Relative to this issue is the capacity of the conduit institution. It is not workable for the MOC to do direct lending to individual borrowers. It has to wholesale the funds to cooperatives who are more familiar with their members and thus identify who may borrow and who may not. Cooperatives as conduits have to be organizationally strong with the capacity to handle the complexities of managing lending operations. Most of the village-level cooperatives at present may not be strong enough to handle lending operations involving huge amounts.
The present Micro Capital Loan is a catch-all loan product. Appropriate product design is an important element in any lending program and should meet specific needs of various kinds of rural borrowers which can be segmented into three: subsistence-level livelihood activities (like ambulant vendors), micro-enterprises that has attained certain level of stability and business volume (like grocery stores) and agricultural production. Most microfinance practitioners have developed micro-agri loan product considering the distinctiveness of agricultural production.
There was also the concern for the overlapping of the program with the present lending program of the Myanmar Agricultural Development Bank (MADB). The possibility of borrowers receiving loans from both the MADB and the MOC is not farfetched. The fear is that instead of reducing poverty, the program might end up with people deeper in debt.
Risk management is quite limited at this point. No facility for crop insurance that will absorb the shock when calamity occurs. This may limit the number of people who can borrow again after each calamity, and those who cannot borrow from the program may end up back to informal money lenders, and more deeper in debt.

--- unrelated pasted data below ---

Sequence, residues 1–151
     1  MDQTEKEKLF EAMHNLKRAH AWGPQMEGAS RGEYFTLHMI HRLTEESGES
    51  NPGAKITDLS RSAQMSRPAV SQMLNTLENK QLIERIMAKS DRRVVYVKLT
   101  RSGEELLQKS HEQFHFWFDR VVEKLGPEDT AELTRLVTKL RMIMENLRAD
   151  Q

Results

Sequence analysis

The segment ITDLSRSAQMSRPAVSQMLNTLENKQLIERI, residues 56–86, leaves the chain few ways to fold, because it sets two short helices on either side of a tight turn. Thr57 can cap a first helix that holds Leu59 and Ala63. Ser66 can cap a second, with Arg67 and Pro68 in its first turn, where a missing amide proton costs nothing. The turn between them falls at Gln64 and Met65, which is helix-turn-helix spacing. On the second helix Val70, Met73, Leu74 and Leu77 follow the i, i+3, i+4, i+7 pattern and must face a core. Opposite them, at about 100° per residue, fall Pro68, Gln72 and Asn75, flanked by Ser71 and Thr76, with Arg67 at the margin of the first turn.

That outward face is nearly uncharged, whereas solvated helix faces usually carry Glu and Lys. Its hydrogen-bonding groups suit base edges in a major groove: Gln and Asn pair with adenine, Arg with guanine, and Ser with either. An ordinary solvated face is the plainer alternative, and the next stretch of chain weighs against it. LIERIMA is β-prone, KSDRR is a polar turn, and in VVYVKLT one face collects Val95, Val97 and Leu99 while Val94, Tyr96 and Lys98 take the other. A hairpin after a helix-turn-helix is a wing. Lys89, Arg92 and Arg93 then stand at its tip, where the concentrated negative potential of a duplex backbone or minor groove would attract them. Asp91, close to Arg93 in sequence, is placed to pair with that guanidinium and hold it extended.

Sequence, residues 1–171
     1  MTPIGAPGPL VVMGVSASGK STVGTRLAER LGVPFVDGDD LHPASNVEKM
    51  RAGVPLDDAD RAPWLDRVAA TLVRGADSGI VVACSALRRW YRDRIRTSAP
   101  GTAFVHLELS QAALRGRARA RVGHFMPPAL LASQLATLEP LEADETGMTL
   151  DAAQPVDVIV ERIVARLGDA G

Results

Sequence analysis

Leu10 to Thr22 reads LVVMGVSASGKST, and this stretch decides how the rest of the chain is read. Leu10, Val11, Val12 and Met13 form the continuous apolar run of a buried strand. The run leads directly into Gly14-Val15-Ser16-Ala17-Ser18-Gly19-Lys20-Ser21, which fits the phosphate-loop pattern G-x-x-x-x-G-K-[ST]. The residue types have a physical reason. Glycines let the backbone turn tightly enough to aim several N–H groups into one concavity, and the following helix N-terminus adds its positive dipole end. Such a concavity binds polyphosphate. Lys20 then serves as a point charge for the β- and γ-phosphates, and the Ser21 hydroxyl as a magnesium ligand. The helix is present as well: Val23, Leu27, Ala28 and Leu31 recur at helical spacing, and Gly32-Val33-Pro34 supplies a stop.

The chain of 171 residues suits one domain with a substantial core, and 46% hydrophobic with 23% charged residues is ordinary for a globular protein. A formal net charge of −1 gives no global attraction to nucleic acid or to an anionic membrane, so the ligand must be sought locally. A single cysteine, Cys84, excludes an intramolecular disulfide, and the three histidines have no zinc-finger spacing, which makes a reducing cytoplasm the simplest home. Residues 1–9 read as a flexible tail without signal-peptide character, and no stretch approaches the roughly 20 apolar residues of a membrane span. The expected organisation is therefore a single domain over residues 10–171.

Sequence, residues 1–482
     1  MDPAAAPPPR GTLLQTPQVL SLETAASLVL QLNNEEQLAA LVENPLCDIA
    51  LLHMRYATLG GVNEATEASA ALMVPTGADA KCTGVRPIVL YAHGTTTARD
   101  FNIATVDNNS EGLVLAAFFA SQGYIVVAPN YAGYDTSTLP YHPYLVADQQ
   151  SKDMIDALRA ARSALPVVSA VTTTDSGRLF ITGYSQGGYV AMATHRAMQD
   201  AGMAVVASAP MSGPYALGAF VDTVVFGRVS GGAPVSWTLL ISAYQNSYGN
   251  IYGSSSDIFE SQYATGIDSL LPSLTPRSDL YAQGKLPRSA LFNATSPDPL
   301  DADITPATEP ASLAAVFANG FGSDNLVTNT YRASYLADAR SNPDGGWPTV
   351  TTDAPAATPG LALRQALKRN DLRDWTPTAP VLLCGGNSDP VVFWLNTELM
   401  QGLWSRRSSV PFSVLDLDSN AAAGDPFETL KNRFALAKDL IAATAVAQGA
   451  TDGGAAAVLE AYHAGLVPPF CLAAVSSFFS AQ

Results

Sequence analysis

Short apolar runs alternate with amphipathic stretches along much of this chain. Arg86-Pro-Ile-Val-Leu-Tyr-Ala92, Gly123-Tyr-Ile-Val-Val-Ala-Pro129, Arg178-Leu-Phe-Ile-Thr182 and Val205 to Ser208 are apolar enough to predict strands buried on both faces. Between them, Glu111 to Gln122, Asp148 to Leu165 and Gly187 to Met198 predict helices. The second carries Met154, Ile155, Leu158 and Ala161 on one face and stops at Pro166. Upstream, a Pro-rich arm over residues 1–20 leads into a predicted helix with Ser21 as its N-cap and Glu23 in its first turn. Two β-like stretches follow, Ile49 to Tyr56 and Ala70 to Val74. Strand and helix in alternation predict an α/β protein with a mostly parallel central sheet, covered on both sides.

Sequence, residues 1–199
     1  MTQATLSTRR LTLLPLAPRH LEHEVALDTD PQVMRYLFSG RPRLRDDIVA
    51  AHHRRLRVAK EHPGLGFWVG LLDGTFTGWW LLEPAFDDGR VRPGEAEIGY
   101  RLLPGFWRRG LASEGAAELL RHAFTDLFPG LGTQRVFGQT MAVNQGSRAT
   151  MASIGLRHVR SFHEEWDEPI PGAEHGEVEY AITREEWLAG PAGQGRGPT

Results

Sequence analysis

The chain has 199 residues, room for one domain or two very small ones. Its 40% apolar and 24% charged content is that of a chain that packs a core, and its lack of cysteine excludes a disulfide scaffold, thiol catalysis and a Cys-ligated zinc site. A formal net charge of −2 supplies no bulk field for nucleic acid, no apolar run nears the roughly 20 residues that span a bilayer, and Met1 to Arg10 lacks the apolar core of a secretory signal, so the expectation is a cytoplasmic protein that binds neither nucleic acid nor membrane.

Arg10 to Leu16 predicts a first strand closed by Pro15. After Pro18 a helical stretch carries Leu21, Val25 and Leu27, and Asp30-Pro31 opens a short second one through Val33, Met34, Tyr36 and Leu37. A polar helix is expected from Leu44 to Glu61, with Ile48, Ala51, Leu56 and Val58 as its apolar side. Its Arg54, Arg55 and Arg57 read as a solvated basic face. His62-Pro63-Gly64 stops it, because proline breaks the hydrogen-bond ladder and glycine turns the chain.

These are some of the issues that have to be addressed immediately to ensure that the program will indeed support sustainable development in the rural areas, and will not end up burdening the people with more debt.
Based on the status of the program, three broad strokes can be recommended to make certain that the program will be ready to face challenges soon.
1. Financial institution to manage the lending program
To rationalize the program, it would be best for MOC to focus on the development and strengthening of cooperatives at the grassroots level and leave lending operations to financial institutions. In transition, a department or a special unit within the MOC can be set up to focus on the management of the lending program. The main function of the unit should be to qualify cooperatives who can borrow from the fund, processing disbursements, collection and remedial management for past due accounts.
2. Development of financial intermediary cooperatives.
Cooperatives as conduits of loan funds should be strengthened and upgraded. A capacity building program should be implemented to enhance the capacities of cooperatives. In addition, there is a need to merge small village-level cooperatives into village-tract level or the township level to have economies of scale. Bigger cooperatives with more members and with more financial resources and with full-time staff should also assume financial intermediation functions – mobilizing savings from its members and the community and providing loans to support economic activities of the members. Financial education advocacy will also be an important role of the cooperatives.
3. Integrated agricultural production
Support to agricultural production should be aimed towards integration. At present, MOC initiative supports production stage through the Micro Capital Loan and the farm mechanization. Through the cooperatives, it should be programmed to control the whole value chain of agricultural commodities. This means the cooperatives would also have its own post-harvest facilities and processing facilities, marketing arm and transport facilities. Integrating production through the cooperatives will make possible the farmers’ capacity to control the price of agricultural commodities.
Debts when managed well can be used to facilitate sustainable development, or if not, it can be a burden to taxpayers.
Originally published in Myanmar Insider, August 2015